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k9diabetes
11-20-2012, 03:45 PM
I am going to post an image of a sample curve - part of the curve is a miscellaneous choice of readings but the first ones are Sissy's readings posted yesterday for the morning.

In this curve, the insulin has good duration, which is defined as the blood sugar returning to a level no higher than it started out. So if the blood sugar starts at 381 as Sissy's did yesterday, the NPH has a good 12 hours of duration as long as the blood sugar is basically the same or less at dinner time. In this case, hers was 306, so she might actually have had some insulin action from her breakfast injection still working at dinner time.

It's somewhat counterintuitive... it's not that the blood sugar should never go up during 12 hours, it's a matter of how much it goes up and relative to where it started.

So if there's an off day and blood sugar starts at 600, you can't expect the same dose of insulin to bring that blood sugar to the usual 300 by dinner time.

http://www.k9diabetes.com/userimages/CurveDurationChart.jpg

k9diabetes
11-20-2012, 03:49 PM
It's also important to remember that meters are not highly accurate instruments. More than accurate enough to be useful, but not so accurate that there is any meaningful difference in readings of 394, 402, and 380.

Managing blood sugar is all about the "big picture" - trends over time, patterns, and meaningfully large changes in blood sugar.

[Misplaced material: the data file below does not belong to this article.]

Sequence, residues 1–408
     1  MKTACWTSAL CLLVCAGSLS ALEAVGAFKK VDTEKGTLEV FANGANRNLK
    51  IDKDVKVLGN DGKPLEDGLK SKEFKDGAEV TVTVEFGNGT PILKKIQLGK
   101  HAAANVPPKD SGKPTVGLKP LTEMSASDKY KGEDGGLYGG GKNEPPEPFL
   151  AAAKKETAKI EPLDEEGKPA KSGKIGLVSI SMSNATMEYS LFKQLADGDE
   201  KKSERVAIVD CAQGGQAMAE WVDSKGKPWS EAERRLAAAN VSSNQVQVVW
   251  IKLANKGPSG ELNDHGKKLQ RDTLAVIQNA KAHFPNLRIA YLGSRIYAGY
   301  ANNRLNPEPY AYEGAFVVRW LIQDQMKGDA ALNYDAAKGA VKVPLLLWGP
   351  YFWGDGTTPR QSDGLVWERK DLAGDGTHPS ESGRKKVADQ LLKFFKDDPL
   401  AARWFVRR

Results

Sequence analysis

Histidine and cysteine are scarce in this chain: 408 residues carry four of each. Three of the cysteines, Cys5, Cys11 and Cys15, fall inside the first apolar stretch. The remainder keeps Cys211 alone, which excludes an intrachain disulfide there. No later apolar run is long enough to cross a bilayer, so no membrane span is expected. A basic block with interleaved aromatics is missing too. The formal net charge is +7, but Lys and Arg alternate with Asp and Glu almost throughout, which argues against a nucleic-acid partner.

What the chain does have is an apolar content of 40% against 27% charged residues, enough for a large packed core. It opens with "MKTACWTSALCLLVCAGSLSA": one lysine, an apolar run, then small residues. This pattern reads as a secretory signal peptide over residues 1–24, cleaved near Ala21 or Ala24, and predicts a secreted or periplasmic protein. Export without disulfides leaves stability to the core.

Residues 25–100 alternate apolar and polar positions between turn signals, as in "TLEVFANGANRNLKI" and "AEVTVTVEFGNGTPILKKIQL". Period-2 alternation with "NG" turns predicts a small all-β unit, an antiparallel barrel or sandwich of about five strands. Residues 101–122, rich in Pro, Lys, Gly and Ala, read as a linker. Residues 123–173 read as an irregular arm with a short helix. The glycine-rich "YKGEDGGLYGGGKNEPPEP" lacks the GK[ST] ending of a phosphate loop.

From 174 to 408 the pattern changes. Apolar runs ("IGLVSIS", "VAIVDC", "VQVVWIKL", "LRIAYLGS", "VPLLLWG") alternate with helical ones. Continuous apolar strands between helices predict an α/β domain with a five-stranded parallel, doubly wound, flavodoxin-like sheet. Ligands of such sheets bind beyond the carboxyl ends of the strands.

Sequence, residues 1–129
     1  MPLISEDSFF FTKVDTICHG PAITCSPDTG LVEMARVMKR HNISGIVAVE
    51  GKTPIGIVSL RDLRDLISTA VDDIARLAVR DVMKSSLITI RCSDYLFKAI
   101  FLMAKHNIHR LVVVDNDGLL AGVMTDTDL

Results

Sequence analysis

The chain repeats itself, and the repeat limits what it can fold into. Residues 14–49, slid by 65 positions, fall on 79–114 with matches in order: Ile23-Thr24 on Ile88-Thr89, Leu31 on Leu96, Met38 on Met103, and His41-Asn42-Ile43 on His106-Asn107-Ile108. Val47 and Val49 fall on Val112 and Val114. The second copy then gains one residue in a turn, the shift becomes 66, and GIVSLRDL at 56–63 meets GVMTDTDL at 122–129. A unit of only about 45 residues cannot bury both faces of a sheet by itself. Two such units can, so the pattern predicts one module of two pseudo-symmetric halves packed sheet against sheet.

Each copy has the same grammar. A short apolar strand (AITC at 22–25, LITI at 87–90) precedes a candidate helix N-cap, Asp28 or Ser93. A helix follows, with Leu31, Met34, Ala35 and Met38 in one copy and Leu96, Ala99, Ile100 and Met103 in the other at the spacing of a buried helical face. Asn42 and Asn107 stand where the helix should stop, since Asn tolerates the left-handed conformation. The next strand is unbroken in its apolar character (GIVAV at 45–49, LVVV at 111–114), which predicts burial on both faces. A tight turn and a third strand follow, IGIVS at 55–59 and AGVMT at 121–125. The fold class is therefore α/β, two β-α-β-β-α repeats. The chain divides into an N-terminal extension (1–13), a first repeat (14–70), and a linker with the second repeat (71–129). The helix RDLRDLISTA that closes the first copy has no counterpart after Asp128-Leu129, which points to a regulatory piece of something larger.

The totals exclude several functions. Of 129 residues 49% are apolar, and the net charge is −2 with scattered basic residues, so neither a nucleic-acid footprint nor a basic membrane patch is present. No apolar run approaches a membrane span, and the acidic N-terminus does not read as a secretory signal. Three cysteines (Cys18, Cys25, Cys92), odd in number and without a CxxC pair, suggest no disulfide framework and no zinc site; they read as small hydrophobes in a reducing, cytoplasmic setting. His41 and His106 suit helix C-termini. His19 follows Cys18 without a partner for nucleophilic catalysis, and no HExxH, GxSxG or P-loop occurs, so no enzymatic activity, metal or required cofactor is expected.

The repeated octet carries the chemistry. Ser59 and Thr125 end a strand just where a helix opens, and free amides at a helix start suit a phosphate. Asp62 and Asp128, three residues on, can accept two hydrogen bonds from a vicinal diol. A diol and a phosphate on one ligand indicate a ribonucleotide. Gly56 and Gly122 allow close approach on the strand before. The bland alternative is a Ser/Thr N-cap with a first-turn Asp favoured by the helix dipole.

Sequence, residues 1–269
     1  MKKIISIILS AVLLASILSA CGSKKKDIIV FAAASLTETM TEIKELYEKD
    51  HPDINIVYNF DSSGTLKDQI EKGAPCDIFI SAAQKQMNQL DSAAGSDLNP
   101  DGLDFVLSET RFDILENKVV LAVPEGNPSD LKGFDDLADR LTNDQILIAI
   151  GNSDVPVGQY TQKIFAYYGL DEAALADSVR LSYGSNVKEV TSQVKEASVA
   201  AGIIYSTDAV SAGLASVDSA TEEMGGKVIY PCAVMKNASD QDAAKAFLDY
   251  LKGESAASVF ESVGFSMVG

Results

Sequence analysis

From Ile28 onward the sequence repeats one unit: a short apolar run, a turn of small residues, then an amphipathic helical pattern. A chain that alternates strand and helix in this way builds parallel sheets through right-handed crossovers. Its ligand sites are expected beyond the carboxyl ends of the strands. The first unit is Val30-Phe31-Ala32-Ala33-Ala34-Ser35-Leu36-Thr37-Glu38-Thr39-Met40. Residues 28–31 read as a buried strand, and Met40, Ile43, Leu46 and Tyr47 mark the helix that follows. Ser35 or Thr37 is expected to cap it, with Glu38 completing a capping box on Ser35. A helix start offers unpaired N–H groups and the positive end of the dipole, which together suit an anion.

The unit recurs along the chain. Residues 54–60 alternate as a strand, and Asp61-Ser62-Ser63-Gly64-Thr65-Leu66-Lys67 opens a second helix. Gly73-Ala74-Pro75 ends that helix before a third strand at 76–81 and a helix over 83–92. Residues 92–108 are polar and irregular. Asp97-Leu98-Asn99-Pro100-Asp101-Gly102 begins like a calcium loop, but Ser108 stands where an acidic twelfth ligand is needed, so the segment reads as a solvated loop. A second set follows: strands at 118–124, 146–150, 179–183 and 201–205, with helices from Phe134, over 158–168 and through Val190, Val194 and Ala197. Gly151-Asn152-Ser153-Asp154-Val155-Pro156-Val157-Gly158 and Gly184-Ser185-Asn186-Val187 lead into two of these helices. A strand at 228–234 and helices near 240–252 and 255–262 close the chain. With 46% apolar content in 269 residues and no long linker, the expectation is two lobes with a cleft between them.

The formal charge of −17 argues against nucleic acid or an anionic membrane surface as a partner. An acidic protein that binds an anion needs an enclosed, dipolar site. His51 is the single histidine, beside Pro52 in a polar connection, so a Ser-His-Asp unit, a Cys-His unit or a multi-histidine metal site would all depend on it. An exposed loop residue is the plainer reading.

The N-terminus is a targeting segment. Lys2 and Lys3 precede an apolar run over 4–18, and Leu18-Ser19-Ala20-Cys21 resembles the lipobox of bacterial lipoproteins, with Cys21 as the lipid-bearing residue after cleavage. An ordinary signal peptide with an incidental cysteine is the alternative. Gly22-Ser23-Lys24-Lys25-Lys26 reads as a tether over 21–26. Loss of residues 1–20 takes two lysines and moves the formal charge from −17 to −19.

Sissy's numbers from yesterday in the morning are a dog who needs more insulin. It's fairly flat with some of the readings being completely steady realistically. So no need at this moment to correct food or insulin based on these numbers.

That may change as the dose goes up, and it may very well be that Sissy's response varies from day to day. That's pretty common.

Which is when you get back to focusing on the big picture... what does she do most days? An out of the blue blip one day isn't cause for concern. They happen, to every dog. When it becomes a trend, a pattern, then it's something to worry about.

Natalie

k9diabetes
11-20-2012, 03:58 PM
I didn't post this earlier because it's an atypical curve that shows what was likely either a rebound or an intervention with glucose by the vet in response to a low. But it demonstrates what is considered to be the duration and nadir of blood sugar, backing up the definition I have been using.

This is from the NAVC's Clinician's Brief article by Thomas Schimmerhorn at Kansas State University.

http://www.k9diabetes.com/userimages/NAVCDurationChart.jpg

So please note that in this curve a low blood sugar event occurred and glucose was likely added to the bloodstream, either as a rebound by the dog's body or by veterinary intervention.

It's also important to remember the discussion in the Clinician's Brief article that blood sugar at any one moment is a combination of multiple factors:

Serum glucose, at any single time point during the GC, represents the sum effects in the rate of:

- Exogenous insulin absorption - how the injected insulin is absorbed

- Intracellular uptake of exogenous and endogenous insulin

- Insulin degradation and elimination

- Intestinal glucose absorption

- Endogenous glucose production
(glucose released from stores in the body by the liver)

- Tissue glucose uptake and utilization

Another reason to stick with the big picture! ;)

Natalie